The following is adaboost algorithm: enter image description here

It mentions "using weights wi on the training data" at part 3.1.

I am not very clear about how to use the weights. Should I resample the training data?

  • Why downvote? What's wrong with my question? Please tell me so that I can correct it.
    – tidy
    Aug 5, 2013 at 9:04
  • Didn't downvote, but maybe you can write the few points into a real markup listing instead of an image. Aug 5, 2013 at 11:40

2 Answers 2


I am not very clear about how to use the weights. Should I resample the training data?

It depends on what classifier you are using.

If your classifier can take instance weight (weighted training examples) into account, then you don't need to resample the data. An example classifier could be naive bayes classifier that accumulates weighted counts or a weighted k-nearest-neighbor classifier.

Otherwise, you want to resample the data using the instance weight, i.e., those instance with more weights could be sampled multiple times; while those instance with little weight might not even appear in the training data. Most of the other classifiers fall in this category.

In Practice

Actually in practice, boosting performs better if you only rely on a pool of very naive classifiers, e.g., decision stump, linear discriminant. In this case, the algorithm you listed has a easy-to-implement form (see here for details): enter image description here Where alpha is chosen by (epsilon is defined similarly as yours).

enter image description here

An Example

Define a two-class problem in the plane (for example, a circle of points inside a square) and build a strong classier out of a pool of randomly generated linear discriminants of the type sign(ax1 + bx2 + c).

The two class labels are represented with red crosses and blue dots. We here are using a bunch of linear discriminants (yellow lines) to construct the pool of naive/weak classifiers. We generate 1000 data points for each class in the graph (inside the circle or not) and 20% of data is reserved for testing.

enter image description here

This is the classification result (in the test dataset) I got, in which I used 50 linear discriminants. The training error is 1.45% and the testing error is 2.3%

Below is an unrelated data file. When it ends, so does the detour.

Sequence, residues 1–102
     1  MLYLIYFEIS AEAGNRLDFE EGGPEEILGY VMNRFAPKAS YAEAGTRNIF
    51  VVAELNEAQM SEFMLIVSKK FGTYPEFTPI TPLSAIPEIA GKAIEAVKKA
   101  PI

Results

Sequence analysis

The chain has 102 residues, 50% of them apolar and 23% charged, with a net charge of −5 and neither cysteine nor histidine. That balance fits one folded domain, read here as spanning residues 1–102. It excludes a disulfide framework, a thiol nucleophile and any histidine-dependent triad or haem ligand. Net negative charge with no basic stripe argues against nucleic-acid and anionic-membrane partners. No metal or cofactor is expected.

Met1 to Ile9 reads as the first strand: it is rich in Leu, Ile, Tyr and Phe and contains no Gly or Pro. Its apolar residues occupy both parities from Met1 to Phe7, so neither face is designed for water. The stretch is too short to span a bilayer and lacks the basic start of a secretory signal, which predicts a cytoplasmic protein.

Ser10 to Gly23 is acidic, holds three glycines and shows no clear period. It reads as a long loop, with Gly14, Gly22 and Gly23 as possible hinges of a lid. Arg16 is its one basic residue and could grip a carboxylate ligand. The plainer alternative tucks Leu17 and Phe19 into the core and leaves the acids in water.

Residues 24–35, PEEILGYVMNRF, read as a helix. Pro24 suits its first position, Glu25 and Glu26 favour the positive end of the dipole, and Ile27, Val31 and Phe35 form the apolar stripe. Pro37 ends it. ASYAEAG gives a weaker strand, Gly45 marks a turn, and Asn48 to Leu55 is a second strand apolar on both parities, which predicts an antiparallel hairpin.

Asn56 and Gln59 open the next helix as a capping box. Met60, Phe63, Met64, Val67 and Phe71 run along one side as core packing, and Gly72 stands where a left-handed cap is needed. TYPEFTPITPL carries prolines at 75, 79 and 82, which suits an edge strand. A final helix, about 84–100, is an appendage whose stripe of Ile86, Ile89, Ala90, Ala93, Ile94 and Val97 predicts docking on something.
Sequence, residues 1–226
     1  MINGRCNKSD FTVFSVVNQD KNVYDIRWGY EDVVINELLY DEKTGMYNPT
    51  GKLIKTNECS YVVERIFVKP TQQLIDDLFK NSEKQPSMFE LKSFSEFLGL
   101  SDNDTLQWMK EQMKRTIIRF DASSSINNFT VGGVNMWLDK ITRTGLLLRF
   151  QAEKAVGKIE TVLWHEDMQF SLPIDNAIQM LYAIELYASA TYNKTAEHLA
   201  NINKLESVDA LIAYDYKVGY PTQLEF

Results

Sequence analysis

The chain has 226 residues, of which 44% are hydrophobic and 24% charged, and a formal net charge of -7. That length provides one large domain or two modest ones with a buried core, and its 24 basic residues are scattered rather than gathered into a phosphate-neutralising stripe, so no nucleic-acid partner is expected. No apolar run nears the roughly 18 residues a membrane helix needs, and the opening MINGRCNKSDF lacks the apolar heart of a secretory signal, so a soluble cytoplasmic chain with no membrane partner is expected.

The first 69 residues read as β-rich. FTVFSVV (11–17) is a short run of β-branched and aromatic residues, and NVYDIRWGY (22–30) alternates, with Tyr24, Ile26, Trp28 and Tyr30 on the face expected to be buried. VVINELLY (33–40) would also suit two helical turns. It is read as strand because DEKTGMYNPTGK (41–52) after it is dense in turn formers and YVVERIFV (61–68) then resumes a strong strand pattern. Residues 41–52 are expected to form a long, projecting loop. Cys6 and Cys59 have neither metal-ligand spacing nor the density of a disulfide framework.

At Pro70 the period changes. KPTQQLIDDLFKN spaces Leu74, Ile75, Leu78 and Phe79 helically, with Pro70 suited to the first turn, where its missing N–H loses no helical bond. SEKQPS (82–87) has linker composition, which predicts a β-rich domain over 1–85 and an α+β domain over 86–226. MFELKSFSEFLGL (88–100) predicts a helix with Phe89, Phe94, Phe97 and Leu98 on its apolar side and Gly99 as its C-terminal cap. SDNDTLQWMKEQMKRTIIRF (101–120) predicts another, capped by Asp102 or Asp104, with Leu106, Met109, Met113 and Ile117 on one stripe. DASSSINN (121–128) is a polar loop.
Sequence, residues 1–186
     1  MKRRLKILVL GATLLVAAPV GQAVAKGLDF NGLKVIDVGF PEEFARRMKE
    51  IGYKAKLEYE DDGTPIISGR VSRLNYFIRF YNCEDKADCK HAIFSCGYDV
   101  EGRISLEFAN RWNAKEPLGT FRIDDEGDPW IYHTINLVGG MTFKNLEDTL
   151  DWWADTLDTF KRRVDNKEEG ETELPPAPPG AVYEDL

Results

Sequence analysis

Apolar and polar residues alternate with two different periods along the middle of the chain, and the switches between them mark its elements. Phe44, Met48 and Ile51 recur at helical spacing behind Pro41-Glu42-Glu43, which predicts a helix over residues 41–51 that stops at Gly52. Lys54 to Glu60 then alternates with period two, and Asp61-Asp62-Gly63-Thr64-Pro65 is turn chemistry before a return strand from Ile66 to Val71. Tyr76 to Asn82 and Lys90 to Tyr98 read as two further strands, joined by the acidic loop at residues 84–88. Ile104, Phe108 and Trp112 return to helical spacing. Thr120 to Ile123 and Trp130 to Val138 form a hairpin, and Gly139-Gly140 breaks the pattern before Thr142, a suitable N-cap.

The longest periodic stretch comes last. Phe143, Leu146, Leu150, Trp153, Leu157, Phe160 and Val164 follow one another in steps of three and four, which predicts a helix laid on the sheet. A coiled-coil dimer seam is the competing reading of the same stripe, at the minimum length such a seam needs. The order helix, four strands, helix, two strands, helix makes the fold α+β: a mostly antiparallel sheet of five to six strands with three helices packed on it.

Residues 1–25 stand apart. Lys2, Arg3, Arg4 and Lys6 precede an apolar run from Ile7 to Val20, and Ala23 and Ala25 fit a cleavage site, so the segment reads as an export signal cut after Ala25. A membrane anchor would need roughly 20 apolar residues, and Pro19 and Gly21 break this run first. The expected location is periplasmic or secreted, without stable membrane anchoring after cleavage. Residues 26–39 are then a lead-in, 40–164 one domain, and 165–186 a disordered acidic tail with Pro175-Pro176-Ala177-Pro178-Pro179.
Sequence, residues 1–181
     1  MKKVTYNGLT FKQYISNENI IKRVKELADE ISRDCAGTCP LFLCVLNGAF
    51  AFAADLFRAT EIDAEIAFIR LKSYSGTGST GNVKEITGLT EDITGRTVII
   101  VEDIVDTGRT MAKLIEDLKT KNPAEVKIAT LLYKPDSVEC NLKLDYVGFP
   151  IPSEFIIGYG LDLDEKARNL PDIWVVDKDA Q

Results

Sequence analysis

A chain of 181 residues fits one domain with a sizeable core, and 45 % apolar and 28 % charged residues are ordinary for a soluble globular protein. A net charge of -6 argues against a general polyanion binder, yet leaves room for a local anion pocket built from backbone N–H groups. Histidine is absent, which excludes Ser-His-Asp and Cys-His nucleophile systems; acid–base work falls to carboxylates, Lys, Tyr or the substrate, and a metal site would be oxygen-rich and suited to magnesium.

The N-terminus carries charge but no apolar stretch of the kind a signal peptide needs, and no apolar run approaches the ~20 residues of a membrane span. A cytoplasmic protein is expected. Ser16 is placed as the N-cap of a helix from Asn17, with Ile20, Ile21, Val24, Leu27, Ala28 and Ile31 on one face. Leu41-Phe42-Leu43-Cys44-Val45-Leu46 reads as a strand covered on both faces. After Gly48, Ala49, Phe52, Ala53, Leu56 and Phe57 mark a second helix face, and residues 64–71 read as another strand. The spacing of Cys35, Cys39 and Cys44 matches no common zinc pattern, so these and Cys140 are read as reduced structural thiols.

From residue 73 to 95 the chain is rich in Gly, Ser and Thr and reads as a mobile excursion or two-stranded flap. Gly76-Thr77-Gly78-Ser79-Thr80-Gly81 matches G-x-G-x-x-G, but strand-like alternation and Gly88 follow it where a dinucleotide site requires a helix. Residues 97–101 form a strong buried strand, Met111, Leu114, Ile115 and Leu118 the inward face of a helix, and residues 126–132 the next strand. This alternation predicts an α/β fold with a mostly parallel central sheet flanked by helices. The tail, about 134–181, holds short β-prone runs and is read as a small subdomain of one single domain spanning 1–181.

enter image description here

  • 1
    Nice answer! You said random linear discriminants, but how do you make sure each weak learner meets the error rate < 0.5 constraint? Can you clarify on this/or post some code? Thanks!
    – Fernando
    Mar 6, 2014 at 21:53
  • check the slides here - page 8 to 10 (csd.uwo.ca/~olga/Courses//Fall2005//Lecture4-2.pdf). One thing you want to consider: this is an incremental model, at each step, we only need to pay more attention to these wrongly classified examples. Yes it is a linear discriminant, but those examples that have huge weights needs to be classified correctly this time, not those examples that have little weights. Hope it helps.
    – greeness
    Mar 7, 2014 at 5:17
  • Where exactly is D(i) used?
    – xSooDx
    Nov 1, 2017 at 14:38

The weights are the values applied to each example (sample) in step 2. These weights are then updated at step 3.3 (wi).

So initially all weights are equal (step 2) and they are increased for wrongly classified data and decreased for correctly classified data. So in step 3.1 you have to take take these value in account to determine a new classifier, giving more importance to higher weight values. If you did not change the weight you would produce exactly the same classifier each time you execute step 3.1.

These weights are only used for training purpose, they're not part of the final model.

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